Pegasus: Spyware grabs cloud data from Apple, Google and Co.

Pegasus: Spyware greift Cloud-Daten von Apple, Google und Co. ab

The Pegasus spyware sold to governments by the Israeli NSO Group not only has access to the data stored locally on a smartphone, but can also be reported by the Financial Times also access the data stored in the cloud on Amazon, Apple, Facebook, Google or Microsoft.

For example, Pegasus is bought by governments so that intelligence agencies can access data from devices such as smartphones, whether they are Android or iOS devices. The NSO Group claims to sell Pegasus exclusively to responsible governments that want to use the software to prevent terrorist attacks and other crimes.

The Financial Times There is evidence from sales talks between the NSO Group and the government of Uganda that Pegasus can not only be used to read data from the local memory of a smartphone, but also to tap data from many large cloud providers. Affected are the servers or services of Amazon, Apple, Facebook, Google and Microsoft.

Spyware steals authentication keys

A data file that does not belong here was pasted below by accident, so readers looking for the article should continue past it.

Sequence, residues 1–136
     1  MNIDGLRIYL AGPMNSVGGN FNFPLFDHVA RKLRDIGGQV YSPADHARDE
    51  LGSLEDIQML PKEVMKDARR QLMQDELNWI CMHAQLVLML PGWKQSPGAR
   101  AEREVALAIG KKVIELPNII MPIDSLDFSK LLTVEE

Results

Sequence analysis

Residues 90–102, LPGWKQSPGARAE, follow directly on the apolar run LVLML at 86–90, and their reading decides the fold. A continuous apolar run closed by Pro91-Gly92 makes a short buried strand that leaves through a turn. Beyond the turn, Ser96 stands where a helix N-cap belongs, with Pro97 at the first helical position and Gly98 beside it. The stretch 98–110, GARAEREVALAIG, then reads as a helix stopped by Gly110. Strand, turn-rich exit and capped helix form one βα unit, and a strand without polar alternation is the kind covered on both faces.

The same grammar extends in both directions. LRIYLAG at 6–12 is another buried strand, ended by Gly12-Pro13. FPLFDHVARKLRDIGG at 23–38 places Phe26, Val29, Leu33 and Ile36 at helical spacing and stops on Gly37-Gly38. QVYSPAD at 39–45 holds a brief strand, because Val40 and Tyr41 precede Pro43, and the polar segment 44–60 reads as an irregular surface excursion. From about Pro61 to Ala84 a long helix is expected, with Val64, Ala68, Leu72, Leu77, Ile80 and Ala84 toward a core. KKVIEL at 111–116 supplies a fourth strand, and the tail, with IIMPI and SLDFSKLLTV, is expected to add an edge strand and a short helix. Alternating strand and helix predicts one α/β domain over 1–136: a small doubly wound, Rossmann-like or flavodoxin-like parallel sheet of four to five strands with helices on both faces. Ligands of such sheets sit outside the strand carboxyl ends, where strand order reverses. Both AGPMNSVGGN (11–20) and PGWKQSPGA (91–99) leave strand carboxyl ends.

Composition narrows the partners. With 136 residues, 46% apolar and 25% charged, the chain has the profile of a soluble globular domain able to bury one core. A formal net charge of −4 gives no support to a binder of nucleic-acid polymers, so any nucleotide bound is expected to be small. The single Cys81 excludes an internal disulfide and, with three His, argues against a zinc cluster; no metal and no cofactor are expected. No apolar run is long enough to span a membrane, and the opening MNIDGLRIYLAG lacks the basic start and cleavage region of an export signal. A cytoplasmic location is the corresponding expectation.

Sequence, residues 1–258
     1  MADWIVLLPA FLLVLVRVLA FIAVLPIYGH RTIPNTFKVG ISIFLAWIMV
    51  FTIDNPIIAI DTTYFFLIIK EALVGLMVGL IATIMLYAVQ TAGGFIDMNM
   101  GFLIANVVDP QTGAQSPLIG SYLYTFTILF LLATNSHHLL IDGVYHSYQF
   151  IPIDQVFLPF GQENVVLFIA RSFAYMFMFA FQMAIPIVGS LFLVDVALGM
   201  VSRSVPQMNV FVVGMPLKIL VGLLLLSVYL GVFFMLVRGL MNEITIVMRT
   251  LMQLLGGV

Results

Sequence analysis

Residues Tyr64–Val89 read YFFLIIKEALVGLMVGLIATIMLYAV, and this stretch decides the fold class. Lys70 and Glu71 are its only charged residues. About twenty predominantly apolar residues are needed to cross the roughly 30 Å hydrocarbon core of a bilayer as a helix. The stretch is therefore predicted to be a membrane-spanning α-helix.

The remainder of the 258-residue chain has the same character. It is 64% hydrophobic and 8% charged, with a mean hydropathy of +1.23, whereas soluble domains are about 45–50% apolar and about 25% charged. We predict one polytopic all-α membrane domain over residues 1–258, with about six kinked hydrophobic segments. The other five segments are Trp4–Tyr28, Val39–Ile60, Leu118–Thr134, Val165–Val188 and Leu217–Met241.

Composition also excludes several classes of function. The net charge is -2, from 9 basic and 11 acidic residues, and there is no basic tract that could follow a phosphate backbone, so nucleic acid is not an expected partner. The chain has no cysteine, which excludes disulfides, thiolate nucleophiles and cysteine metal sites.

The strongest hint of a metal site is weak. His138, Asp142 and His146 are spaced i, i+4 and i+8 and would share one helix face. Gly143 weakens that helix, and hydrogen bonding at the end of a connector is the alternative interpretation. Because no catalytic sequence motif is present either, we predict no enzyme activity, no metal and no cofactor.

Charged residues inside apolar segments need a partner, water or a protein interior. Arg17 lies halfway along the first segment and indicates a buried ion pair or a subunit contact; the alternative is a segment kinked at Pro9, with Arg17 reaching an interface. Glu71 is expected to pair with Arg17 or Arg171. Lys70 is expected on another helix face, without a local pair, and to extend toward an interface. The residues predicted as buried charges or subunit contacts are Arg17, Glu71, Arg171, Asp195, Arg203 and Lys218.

From the servers of the affected companies to Pegasus data such as the complete location data, archived messages and photos can be copied. Pegasus is to copy the authentication key of cloud services such as Google Drive, Facebook Messenger or iCloud from an infected smartphone and make it available to another server of the supervisor so that it can spend including the current location as the access-authorized smartphone. According to a sales document, this should work without triggering two-factor authentication or sending e-mail alerts for new logins.

Cloud providers investigate allegations

On the functioning of Pegasus addressed, Amazon explained that so far no evidence of access was found by the said software. Facebook said the company is investigating the allegations. Microsoft, in turn, said that it offers customers continuously improved protection. According to Apple, there are few very expensive tools to execute attacks on a small number of devices, but these tools are not suitable for large-scale attacks. The company added that it regularly provides updates for operating systems and security. Google declined to comment.

The NSO Group denies promoting hacker attacks or mass monitoring tools for cloud services, but does not explicitly deny that the company has developed these capabilities as described in the documents.

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